I was put in touch with MS Queensland, who have been an incredible help, right from the beginning.
Without MS Queensland, I honestly would be lost and confused. The information I have received has been invaluable.
After my initial diagnosis, I met with the MS Nurse, who assisted me in choosing the best treatment for me, which can be a difficult decision.
I have also used the webinars and other information sessions, to help me and my family better understand MS, and how MS Queensland can best support me.
It's so comforting to know the team at MS Queensland are right there, when we need you.
Years on from my diagnosis, and I am very fortunate that my MS has not changed my life too much. With the incredible treatments and support available now, I can live a great life. I am even starting my PhD this year, which is something I would have never imagined I would or could do.
While my MS can flair up, I take each day as it comes and don’t punish myself if I don’t achieve everything that I wanted to – there is always tomorrow.
At just 27 years old, Brooklyn was happily planning what she calls her “really grandiose, big, over-the-top” wedding. Brooklyn is a young, energetic go-getter, who was ecstatic about her next big step and embarking on the next chapter in her life.
You can understand how terrifying it must have been for Brooklyn, to all of a sudden be stopped in her tracks.
It was in May 2021, that Brooklyn’s vision suddenly doubled. She went to her optometrist, who confirmed her eyes were perfectly healthy. After spending a nervous weekend worrying about what was wrong, Brooklyn took herself to the hospital. Next thing she knew, Brooklyn was in the neurology ward facing test after urgent test. She was there for five more days, terrified and confused.
“I was in a ward with people who had all sorts of neurological problems. People who’d had strokes. Most of the people in there weren’t verbal. I had no idea why I was in the same ward as them.”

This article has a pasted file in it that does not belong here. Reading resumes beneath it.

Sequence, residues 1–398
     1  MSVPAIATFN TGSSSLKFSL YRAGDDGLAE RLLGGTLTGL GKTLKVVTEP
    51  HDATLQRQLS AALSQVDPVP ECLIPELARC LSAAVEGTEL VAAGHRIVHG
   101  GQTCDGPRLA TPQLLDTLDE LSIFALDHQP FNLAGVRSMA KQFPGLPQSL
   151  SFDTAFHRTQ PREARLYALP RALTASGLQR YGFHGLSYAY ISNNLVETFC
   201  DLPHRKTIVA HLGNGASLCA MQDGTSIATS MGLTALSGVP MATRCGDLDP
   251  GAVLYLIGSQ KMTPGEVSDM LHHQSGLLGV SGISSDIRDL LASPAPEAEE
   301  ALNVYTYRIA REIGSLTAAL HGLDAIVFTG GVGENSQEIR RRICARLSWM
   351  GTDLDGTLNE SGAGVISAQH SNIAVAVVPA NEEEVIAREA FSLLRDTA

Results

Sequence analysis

After days of testing, the doctors were sure. Brooklyn had MS. Sadly, MS is a condition that so often overwhelmingly affects young women around Brooklyn’s age.
“I didn’t know anything about MS. I was just really overwhelmed. I really didn't know what to think.”
By the time Brooklyn was ready to be discharged from hospital, she’d had the worst week of her life. She was overwhelmed, and still had no idea what MS meant for her and her future.
It was when MS Queensland's specialist nurse visited Brooklyn before she was discharged, that she received the comfort and care she needed.
I was diagnosed with MS in 2018 when I was 32 years old, however my symptoms started years earlier. Among many other varying symptoms, I had experienced a tingling sensation to various parts of my body lasting for months at a time, as well as vertigo, extreme fatigue, loss of memory and blurred vision.
Once my diagnosis was confirmed as relapsing remitting MS, I was somewhat relieved to be able to give the symptoms I had been experiencing for years a name and understand what was going on - for a while there I was starting to question my own sanity!
After my neurologist told me I had MS, I gave MS Queensland a call as my first point of contact.
The NeuroAssist team were able to outline my options and the many support networks provided by MS Queensland. My husband and I have found the webinars to be very informative and helpful. I’ve also utilised the MS Nurse and psychologist. This year I’m hoping to utilise an MS Physiotherapist.
Since my diagnosis, MS has taught me to better understand my limits - as difficult as it is to admit - but to also take each day as it comes. We are also very fortunate to have a strong support network of family and friends.
Raising money and awareness for MS is important to me, having joined this Community I felt it important to support a community that has supported me.
So, after my diagnosis, my husband Andy was very keen to participate in the MS Brissie to the Bay bike ride and I was very impressed with the response we had from our family and friends to get involved. He will be riding again this year in the 100km ride.